–from Sir Ernest Shackleton’s account “South”–
“All hands were watching now for the coast described by Dr. W. S. Bruce [leader of the ‘Scotia’ Expedition, in 1904, and named by him Coats Land], and at 5 p.m. the look-out reported an appearance of land to the south-south-east. It seemed to be an island or peninsula with a sound on its south sided, and the position of its most northerly point was about 72º 34′ S., 16º 40′ W.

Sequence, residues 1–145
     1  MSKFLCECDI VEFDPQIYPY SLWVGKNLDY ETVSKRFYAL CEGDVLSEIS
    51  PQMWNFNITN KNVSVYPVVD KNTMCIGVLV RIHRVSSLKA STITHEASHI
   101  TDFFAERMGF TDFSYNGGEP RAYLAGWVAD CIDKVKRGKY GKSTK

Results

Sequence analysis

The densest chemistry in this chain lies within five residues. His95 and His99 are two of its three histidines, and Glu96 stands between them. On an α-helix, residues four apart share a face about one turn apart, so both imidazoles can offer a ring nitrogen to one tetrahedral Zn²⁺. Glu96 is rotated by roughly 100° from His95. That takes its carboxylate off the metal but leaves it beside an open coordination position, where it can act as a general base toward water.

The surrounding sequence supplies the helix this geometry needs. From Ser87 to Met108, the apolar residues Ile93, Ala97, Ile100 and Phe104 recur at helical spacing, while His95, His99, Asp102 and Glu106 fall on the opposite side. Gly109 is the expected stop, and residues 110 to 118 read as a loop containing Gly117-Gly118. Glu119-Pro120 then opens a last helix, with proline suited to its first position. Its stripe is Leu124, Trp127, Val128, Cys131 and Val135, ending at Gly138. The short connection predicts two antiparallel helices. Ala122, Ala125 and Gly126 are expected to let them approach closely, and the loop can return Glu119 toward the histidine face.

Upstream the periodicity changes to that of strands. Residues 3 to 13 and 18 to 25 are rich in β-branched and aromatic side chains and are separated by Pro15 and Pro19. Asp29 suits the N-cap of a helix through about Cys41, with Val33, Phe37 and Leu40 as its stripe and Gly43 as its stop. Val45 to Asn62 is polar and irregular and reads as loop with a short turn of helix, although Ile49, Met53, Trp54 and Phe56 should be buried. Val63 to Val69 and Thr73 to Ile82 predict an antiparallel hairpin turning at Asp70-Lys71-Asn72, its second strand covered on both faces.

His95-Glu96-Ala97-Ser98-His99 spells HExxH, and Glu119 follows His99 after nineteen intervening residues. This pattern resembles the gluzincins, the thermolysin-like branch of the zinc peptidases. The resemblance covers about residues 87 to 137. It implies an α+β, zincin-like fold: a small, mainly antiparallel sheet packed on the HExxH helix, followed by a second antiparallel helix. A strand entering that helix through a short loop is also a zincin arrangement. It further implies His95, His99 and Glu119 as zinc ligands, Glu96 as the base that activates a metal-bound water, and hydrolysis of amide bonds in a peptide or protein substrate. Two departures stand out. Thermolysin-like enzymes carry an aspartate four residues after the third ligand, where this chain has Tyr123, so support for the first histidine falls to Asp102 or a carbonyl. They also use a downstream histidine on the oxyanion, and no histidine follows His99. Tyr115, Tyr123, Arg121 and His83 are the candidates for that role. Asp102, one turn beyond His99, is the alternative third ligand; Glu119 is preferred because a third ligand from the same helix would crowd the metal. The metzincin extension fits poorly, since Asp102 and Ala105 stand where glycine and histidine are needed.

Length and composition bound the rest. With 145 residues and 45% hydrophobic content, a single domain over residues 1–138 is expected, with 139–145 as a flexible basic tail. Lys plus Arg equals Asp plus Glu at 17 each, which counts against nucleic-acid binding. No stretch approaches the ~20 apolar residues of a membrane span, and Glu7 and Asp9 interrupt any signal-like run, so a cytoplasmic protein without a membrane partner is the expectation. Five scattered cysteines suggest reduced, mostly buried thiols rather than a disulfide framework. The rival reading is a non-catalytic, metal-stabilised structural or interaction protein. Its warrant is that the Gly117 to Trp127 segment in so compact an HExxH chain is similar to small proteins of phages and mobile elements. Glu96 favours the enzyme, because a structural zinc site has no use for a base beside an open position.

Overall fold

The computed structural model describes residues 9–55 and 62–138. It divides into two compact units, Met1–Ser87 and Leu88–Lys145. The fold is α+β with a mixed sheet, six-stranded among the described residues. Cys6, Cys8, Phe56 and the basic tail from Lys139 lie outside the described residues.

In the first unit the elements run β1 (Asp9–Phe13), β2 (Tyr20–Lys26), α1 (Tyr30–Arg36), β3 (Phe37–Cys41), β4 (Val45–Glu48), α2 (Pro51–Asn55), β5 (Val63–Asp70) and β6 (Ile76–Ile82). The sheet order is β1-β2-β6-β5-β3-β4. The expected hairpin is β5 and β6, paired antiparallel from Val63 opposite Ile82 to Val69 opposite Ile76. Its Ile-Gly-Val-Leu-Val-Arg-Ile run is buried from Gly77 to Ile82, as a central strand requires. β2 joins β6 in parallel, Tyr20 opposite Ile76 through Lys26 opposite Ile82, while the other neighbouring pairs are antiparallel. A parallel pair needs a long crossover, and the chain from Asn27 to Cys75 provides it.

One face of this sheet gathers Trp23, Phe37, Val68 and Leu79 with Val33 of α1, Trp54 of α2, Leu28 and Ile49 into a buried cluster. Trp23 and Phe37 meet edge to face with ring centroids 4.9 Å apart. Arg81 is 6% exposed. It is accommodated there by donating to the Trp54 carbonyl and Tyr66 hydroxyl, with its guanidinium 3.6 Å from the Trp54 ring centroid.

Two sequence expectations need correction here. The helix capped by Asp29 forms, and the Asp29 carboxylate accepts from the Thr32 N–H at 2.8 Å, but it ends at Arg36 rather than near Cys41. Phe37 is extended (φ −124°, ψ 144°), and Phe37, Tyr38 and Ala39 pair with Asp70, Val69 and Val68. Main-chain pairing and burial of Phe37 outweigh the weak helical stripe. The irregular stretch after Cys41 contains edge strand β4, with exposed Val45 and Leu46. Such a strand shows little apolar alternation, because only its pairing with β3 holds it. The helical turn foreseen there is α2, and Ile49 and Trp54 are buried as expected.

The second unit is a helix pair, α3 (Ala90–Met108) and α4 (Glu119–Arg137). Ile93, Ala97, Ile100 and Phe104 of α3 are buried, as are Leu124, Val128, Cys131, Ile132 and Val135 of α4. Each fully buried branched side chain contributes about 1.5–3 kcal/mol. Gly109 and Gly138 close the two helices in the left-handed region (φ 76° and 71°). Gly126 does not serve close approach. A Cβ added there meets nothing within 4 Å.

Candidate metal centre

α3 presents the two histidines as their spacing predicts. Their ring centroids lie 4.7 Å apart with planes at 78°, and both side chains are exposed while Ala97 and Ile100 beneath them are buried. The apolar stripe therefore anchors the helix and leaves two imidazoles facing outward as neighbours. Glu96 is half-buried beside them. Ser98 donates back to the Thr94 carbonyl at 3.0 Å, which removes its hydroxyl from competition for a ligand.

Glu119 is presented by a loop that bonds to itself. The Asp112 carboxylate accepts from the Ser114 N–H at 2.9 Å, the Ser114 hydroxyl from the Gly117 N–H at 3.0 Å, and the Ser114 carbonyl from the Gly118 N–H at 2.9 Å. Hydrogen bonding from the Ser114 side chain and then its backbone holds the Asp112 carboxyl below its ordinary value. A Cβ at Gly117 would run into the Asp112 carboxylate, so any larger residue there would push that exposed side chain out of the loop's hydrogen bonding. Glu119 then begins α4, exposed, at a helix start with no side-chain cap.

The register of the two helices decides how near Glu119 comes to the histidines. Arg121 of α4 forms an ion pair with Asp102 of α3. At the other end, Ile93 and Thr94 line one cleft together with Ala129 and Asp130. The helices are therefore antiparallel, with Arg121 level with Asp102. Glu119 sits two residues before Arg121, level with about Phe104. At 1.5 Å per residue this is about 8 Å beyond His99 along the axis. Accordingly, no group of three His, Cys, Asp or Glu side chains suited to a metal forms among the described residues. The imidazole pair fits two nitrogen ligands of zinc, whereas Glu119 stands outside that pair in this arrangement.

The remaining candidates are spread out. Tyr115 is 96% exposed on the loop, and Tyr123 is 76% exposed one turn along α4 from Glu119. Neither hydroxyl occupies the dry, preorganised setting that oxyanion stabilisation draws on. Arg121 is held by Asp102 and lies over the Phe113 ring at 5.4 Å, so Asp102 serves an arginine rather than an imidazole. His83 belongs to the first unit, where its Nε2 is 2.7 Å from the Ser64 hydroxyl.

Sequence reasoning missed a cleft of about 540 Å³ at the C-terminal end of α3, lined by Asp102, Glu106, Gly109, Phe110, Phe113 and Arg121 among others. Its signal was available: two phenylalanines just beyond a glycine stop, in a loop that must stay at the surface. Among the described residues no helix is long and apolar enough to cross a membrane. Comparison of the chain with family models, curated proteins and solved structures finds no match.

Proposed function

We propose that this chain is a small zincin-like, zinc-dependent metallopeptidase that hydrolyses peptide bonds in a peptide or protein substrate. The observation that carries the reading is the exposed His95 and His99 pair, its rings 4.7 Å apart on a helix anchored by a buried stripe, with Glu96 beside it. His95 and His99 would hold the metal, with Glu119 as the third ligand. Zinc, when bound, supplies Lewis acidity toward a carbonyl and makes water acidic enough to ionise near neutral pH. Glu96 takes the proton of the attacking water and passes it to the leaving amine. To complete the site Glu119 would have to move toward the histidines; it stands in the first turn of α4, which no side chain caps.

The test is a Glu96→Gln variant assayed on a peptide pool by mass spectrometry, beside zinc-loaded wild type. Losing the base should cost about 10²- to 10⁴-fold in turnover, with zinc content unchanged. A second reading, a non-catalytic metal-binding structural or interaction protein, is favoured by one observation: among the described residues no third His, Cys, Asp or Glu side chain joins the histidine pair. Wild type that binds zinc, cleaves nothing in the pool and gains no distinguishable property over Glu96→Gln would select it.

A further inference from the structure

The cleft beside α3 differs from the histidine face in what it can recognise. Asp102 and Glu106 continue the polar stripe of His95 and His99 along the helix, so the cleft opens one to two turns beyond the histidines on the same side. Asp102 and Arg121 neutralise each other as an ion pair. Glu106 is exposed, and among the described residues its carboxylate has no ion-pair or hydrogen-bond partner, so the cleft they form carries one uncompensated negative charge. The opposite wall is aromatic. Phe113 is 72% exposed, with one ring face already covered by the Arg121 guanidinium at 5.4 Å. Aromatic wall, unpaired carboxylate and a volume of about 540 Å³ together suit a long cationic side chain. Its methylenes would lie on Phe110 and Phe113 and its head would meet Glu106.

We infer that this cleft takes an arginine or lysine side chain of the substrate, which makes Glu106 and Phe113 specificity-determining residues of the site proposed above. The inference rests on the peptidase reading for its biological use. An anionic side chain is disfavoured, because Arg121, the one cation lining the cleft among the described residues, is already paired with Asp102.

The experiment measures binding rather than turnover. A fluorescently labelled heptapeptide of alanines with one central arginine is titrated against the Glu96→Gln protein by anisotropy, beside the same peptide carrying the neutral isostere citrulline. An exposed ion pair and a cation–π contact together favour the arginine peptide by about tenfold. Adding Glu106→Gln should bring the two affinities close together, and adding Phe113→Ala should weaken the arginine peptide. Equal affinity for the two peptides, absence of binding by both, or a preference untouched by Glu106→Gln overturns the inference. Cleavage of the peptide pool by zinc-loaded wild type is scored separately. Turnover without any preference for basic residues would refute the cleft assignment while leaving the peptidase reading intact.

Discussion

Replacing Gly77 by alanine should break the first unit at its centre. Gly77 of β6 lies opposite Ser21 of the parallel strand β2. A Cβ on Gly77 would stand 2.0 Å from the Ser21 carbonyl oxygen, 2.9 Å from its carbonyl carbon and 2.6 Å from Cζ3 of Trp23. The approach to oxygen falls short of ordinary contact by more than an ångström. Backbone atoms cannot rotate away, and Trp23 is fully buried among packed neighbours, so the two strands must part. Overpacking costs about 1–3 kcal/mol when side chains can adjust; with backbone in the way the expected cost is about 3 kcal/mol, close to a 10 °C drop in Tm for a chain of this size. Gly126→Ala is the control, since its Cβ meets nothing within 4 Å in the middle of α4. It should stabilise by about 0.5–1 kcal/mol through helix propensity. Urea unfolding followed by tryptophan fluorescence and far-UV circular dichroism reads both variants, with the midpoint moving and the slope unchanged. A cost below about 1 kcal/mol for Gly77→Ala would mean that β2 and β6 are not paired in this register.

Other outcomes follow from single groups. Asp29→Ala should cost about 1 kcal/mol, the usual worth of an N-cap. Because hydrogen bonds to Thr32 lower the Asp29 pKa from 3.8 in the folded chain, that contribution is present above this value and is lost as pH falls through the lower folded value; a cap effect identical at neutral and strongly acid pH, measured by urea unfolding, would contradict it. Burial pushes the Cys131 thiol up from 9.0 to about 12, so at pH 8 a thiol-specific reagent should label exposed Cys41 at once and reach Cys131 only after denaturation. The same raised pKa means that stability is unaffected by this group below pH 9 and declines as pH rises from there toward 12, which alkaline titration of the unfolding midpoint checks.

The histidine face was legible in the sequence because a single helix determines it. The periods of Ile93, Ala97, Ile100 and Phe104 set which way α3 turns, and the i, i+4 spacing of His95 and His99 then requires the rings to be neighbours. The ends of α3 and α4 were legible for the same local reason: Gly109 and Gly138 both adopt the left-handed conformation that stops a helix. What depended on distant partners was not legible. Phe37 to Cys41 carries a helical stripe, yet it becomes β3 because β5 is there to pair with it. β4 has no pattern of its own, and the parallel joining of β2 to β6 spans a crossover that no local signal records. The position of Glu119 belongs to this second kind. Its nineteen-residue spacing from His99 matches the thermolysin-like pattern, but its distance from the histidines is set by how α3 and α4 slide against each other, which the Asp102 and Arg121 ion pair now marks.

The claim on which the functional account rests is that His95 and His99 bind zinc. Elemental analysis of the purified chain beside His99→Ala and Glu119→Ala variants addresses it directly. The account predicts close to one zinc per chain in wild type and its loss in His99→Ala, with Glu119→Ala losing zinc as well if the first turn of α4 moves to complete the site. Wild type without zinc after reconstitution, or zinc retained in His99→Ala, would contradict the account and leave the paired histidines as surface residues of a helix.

“The ‘Endurance’ was passing through heavy loose pack, and shortly before midnight she broke into a lead of open sea along a barrier-edge. A sounding within one cable’s length of the barrier-edge gave no bottom with 210 fathoms of line. The ‘Scotia’ must have passed this point when pushing to Bruce’s farthest sount on March 6, 1904, and I knew from the narrative of that voyage, as well as from our own observation, that the coast trended away to the southwest.”